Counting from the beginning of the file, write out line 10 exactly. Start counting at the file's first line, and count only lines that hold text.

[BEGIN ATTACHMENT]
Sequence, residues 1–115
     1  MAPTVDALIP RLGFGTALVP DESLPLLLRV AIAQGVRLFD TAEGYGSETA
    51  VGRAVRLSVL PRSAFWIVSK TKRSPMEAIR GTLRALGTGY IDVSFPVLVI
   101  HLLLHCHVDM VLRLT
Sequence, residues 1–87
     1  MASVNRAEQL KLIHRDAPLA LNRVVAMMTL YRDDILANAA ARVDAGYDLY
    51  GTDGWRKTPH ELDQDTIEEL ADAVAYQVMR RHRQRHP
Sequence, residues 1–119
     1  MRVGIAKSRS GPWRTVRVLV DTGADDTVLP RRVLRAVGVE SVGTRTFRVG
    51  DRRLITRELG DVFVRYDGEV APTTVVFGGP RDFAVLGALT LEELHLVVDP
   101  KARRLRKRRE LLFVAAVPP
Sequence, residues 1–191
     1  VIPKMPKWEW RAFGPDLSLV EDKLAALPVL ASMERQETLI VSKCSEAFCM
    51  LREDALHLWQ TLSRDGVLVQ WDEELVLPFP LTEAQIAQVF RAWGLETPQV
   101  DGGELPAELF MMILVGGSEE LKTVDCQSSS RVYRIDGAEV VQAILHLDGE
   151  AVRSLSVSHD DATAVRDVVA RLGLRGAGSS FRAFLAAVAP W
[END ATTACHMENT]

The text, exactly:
    51  DRRLITRELG DVFVRYDGEV APTTVVFGGP RDFAVLGALT LEELHLVVDP